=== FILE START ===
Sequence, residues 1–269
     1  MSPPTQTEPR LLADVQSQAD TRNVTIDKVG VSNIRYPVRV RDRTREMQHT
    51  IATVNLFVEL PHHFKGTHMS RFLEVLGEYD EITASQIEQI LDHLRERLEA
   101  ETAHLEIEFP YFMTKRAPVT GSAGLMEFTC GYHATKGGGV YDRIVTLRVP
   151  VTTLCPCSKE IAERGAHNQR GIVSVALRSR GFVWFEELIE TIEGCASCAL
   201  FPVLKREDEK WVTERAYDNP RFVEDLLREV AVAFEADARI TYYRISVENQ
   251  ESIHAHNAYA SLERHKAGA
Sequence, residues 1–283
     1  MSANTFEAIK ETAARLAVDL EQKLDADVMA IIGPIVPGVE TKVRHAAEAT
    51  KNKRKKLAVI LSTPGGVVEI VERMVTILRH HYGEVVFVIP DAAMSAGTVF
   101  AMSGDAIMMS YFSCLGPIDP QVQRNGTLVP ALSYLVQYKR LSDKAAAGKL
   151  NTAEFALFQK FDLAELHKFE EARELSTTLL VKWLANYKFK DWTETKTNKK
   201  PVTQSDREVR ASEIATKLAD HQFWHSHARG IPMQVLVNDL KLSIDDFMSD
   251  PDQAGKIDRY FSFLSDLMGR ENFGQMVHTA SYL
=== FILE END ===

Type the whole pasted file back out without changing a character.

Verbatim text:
Sequence, residues 1–269
     1  MSPPTQTEPR LLADVQSQAD TRNVTIDKVG VSNIRYPVRV RDRTREMQHT
    51  IATVNLFVEL PHHFKGTHMS RFLEVLGEYD EITASQIEQI LDHLRERLEA
   101  ETAHLEIEFP YFMTKRAPVT GSAGLMEFTC GYHATKGGGV YDRIVTLRVP
   151  VTTLCPCSKE IAERGAHNQR GIVSVALRSR GFVWFEELIE TIEGCASCAL
   201  FPVLKREDEK WVTERAYDNP RFVEDLLREV AVAFEADARI TYYRISVENQ
   251  ESIHAHNAYA SLERHKAGA
Sequence, residues 1–283
     1  MSANTFEAIK ETAARLAVDL EQKLDADVMA IIGPIVPGVE TKVRHAAEAT
    51  KNKRKKLAVI LSTPGGVVEI VERMVTILRH HYGEVVFVIP DAAMSAGTVF
   101  AMSGDAIMMS YFSCLGPIDP QVQRNGTLVP ALSYLVQYKR LSDKAAAGKL
   151  NTAEFALFQK FDLAELHKFE EARELSTTLL VKWLANYKFK DWTETKTNKK
   201  PVTQSDREVR ASEIATKLAD HQFWHSHARG IPMQVLVNDL KLSIDDFMSD
   251  PDQAGKIDRY FSFLSDLMGR ENFGQMVHTA SYL